NAIROBI: A distressed woman drove into the Standard Group’s Nairobi office early one afternoon with explosive claims about workers’ retirement savings.
Chow, as she identified herself, drove in in a white SUV and was looking for whatever help she could get to keep her job back in China, she said.
She was finding impossible to win her employer any contract in Nairobi’s booming construction industry, yet a rival Chinese firm was having inordinate success.
“It is very frustrating. I am going to lose my job,” Chow said at that meeting two years ago.
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It had become apparent that her firm was going to lose the bid to develop the civil works at the Tassia II housing project owned by the National Social Security Fund (NSSF).
Admittedly, she had been willing to give a bribe to win the contract, but the offer was turned down as it was “too small”.
Her fears came to pass on the Sh5.3 billion tender, which has come to split the board at the national pensions body. It also led to the sacking of Kazungu Kambi as Labour minister, and suspension of Richard Langat as the fund’s managing trustee.
A probe by the Office of the Ombudsman later found that the award tender was fraught with irregularities, and there was no board approval for the project.
An email circulated by a section of the board of trustees was the highest level of interaction or interrogation by the members, even though such approval needed the input of an actual meeting.
“The tender processing was rushed and the tender awarded before approval,” the Ombudsman concluded, after finding that the tender was opened on the same day the evaluation committee sat and approved it, before it was awarded on December 17, 2013.
It is impractical for the three meetings to take place concurrently. Questions were also raised on why the winning bidder was hurriedly informed via email the following day.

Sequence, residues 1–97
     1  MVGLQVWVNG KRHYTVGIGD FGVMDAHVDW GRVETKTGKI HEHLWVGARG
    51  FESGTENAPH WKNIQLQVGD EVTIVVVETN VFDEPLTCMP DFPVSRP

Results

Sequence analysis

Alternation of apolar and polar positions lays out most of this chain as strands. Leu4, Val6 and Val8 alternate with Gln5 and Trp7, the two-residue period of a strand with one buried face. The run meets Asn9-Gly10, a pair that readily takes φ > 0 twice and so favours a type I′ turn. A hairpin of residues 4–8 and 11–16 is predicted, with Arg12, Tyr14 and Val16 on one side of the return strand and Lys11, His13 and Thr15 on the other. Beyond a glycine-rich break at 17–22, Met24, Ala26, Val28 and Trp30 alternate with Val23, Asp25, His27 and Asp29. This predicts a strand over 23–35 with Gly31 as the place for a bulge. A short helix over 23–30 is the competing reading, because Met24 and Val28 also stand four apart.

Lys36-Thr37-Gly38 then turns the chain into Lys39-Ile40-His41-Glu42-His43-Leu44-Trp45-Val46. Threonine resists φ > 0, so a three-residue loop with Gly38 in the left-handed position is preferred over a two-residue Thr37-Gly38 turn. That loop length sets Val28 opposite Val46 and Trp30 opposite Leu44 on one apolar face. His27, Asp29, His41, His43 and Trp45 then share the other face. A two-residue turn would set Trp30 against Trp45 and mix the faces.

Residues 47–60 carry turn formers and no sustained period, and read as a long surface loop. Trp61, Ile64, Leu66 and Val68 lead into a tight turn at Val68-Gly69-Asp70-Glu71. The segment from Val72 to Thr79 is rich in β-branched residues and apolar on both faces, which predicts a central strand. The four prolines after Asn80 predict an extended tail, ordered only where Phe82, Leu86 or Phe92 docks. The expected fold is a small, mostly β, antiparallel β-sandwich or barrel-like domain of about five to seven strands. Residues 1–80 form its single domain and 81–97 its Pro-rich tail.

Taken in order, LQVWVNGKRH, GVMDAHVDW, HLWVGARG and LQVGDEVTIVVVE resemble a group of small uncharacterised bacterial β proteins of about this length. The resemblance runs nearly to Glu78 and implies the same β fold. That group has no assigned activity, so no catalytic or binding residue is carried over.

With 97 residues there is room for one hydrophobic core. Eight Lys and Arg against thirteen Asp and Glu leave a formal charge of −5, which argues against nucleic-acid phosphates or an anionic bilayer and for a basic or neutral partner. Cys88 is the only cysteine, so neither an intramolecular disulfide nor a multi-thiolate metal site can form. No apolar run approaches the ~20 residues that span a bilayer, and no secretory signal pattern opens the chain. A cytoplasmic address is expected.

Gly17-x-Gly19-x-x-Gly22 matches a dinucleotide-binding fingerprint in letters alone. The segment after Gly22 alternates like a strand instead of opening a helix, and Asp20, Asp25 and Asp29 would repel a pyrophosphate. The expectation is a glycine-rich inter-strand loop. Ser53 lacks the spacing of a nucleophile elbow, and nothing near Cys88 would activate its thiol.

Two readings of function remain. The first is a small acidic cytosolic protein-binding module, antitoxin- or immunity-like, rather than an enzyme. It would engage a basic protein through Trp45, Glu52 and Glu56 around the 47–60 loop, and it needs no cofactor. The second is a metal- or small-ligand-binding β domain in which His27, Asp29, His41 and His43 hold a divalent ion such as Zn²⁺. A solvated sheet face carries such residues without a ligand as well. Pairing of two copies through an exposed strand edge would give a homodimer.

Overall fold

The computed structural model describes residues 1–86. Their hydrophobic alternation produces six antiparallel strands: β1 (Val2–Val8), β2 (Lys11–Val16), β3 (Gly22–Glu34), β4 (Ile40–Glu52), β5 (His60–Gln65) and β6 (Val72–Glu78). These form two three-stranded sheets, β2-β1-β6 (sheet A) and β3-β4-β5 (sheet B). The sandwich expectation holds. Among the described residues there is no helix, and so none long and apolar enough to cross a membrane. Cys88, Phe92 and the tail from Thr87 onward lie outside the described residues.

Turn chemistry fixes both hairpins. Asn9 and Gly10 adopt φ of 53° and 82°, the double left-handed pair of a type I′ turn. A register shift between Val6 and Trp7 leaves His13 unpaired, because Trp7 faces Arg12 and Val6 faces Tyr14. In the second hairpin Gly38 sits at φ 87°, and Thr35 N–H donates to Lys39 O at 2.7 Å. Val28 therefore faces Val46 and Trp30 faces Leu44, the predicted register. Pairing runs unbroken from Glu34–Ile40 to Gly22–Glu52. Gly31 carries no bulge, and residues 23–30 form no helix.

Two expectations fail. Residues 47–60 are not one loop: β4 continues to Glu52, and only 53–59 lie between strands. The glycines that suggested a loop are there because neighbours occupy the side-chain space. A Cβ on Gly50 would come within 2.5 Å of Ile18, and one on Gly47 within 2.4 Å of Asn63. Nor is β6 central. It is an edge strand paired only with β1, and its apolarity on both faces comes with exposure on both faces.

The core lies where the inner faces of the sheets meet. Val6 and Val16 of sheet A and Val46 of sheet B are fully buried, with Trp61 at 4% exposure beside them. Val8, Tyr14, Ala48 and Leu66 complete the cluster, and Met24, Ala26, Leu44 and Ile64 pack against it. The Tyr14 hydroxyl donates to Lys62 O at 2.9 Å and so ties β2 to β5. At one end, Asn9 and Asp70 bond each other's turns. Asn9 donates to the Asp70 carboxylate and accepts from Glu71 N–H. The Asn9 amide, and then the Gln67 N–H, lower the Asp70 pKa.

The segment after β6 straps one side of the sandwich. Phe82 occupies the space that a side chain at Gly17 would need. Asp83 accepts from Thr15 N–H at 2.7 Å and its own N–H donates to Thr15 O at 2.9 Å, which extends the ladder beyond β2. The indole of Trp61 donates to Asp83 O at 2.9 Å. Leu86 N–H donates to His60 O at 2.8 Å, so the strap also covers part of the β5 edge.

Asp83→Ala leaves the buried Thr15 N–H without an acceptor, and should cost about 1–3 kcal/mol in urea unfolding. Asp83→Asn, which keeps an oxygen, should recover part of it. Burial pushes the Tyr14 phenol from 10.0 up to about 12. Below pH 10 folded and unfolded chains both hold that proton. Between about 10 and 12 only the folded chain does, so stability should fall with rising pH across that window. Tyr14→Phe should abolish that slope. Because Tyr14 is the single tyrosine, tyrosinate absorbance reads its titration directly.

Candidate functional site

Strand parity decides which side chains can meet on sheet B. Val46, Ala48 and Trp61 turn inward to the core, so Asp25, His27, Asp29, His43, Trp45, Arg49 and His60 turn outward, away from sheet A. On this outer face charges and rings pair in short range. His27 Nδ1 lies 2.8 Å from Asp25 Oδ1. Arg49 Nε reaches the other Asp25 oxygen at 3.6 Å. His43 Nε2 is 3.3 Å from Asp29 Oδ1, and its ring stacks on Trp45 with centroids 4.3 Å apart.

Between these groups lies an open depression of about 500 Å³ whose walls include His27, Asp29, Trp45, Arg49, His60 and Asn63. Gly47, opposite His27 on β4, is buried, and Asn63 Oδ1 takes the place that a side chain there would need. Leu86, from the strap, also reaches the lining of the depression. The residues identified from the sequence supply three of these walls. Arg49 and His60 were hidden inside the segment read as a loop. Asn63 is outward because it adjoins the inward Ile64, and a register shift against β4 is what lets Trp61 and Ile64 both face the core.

At the height of formulation of the disputed tender, Mr Langat’s predecessor in an acting capacity, Hope Mwashumbe, had been quietly edged out less than three weeks earlier.
She had risen to the top office at the institution, a position she came to hate, after serving as the head of legal and marketing.
Ms Mwashumbe shared her anger and frustration about shadowy figures who were running NSSF remotely, often through other senior managers who should typically report to the chief executive.
She was appointed acting chief executive in July 2013, serving barely five months but “encountering more frustration in those short weeks than her entire working life”.
Langat took over in November 2013, which marked the start of a tumultuous journey that saw him suspended from office, and potentially face criminal charges linked to the Tassia II Housing project.
The Ethics and Anti-Corruption Commission (EACC) recommended his prosecution, among other managers, for aiding corruption and abuse of office. However, the intended charges have been resisted by the office of the Director of Public Prosecutions (DPP).
A court has since barred the reinstatement of Langat at the helm of the public pensions manager by the Labour ministry under which NSSF oversight falls.
At present, the NSSF does not have a substantive chief executive, who is also the managing trustee. Its board is also not fully constituted following the exit of Adan Mohamed last year,; his replacement turned down the offer.